With GDPR now into force, businesses across Europe are making changes to their web forms, terms and conditions, email footers and the like, to ensure they’re compliant with the new regulations.
However, as they go through this process, many organisations are coming across questions that are difficult (if not impossible) to answer. How many of our systems actually contain information about this individual? How can we be absolutely sure we don’t inadvertently contact someone who hasn’t opted in to communications? What are we allowed to do with the data, based on the consent we currently have? Has this data been edited, and if so, by who? And who is officially in charge of this data-handling process?
The spreadsheet and silo problem
The difficulty – or inability – to answer these questions is remarkably common. It generally stems from the way businesses grow.
Spreadsheets and simple databases are often all a fledgling startup needs to handle its data. As the business expands, so does the number and size of these information stores. Specialist systems are often brought in alongside them for specific purposes, such as customer relationship management or email marketing. There may be a merger or acquisition, resulting in multiple applications that do broadly the same thing for different sets of customers (but inevitably hold the data in a slightly different way). While there may be some integration between all these various stores of information, it’s rare for it to be comprehensive.
Consequently, keeping control of what personal data is where, why the business has it, what it can do with it and who’s in charge of it, becomes ever more complex. To manage this, organisations attempt to put in layers of governance. But this is often piecemeal, and as many are finding as they seek to comply with GDPR, it doesn’t give them a good enough handle on their data. They still can’t answer those all-important questions.
Start by understanding your business processes
If your business is to be able to answer these questions effectively and efficiently, you need to step back from thinking about opt-in checkboxes and website privacy statements. Instead, look at the end-to-end business processes that the data is supporting. Once you understand these properly, you can put in place the governance that will make GDPR compliance a breeze.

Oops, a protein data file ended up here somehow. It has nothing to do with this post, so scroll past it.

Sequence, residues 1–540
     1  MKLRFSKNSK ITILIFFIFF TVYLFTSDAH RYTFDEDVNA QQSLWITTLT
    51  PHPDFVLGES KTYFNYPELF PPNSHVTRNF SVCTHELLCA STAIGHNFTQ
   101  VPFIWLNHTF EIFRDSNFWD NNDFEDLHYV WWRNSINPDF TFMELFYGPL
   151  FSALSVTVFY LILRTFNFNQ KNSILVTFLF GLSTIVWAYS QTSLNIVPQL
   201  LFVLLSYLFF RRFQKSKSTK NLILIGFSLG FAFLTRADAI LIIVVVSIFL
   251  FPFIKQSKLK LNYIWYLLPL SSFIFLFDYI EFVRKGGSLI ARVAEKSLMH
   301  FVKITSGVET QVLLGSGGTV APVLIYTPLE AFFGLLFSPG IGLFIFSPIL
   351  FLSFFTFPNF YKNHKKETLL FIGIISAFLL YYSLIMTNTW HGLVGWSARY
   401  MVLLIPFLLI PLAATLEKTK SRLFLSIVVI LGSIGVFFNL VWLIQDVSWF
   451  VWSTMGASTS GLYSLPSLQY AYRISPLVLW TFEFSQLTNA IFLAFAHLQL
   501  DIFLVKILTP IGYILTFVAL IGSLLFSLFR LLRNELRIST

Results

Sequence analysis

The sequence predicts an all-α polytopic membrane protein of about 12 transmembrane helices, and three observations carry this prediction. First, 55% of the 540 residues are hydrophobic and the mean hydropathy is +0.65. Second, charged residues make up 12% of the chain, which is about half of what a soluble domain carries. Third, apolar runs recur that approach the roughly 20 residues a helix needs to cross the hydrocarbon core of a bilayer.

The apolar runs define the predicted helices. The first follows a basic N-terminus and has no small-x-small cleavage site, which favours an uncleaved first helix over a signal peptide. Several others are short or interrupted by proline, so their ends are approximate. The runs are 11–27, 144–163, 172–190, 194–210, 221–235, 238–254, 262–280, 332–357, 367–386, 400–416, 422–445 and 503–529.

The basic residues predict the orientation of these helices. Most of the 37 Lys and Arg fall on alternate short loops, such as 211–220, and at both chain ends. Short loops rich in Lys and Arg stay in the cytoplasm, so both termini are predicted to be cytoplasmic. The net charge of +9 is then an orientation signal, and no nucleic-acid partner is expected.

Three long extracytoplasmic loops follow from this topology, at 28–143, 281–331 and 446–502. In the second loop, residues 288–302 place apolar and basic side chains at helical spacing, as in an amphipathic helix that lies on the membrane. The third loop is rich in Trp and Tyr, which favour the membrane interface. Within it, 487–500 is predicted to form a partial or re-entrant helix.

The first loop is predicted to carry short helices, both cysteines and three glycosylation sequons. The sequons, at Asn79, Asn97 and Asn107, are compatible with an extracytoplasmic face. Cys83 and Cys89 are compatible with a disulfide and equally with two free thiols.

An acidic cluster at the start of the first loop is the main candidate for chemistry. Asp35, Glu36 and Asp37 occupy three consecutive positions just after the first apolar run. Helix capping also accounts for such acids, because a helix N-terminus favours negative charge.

And before you roll your eyes at the prospect of ‘even more governance’, implementing these measures will actually lead to numerous benefits beyond simply GDPR compliance. Here’s what to do.
For each of your key business processes, map out the process and the data you need to support it. Visualising it in this way will make a number of things easier.
Firstly, it will show you what data you’re collecting. Second, you’ll be able to see where and how that data is being processed and used. This, in turn, will help you answer the question over your lawful basis for processing the data (which GDPR requires).
As well as being enormously illuminating, being able to see and understand your key business processes enables you to put in place effective and holistic information governance. Who’s responsible for the data at each stage of its journey through your organisation? How could data be misused or vulnerable, and hence what security measures are required? How long are you going to keep each piece of information?
Governance that makes you more agile
As we touched on above, many perceive data governance as a millstone that hampers their ability to do their jobs: hoops they must jump through that ultimately slow down the process of getting products and services to market.
But in reality, the thing holding many businesses back is not information governance, but their lack of organisation-wide data oversight. With personal data stored all over the place and little clarity over what they’re allowed to do with it, designing and getting approval for new or updated products and services takes far longer than it should.
Instead, if all your business processes are well-understood and you have the appropriate governance in place, you actually free your product teams to work with much greater agility. They’re able to see exactly what data the company holds, and what they’re allowed to do with it. As a result, they’re able to design the best-possible product or service, without making unnecessary compromises. And when it comes to getting approval to launch – whether that’s internal or from your regulator – you’ll have all the evidence there to demonstrate compliance. Consequently, your pioneering new product or service can potentially be in the hands of your customers far more quickly than it could under your current setup.
Release the shackles
So rather than seeing GDPR compliance as a necessary evil, see it as an opportunity to take the shackles off your business. Free yourself from the constraints of those spreadsheets and siloed systems by taking time to fully understand your processes. Put in place a governance framework that simultaneously gives you the necessary control at the core of your business, while freeing your people to work more effectively.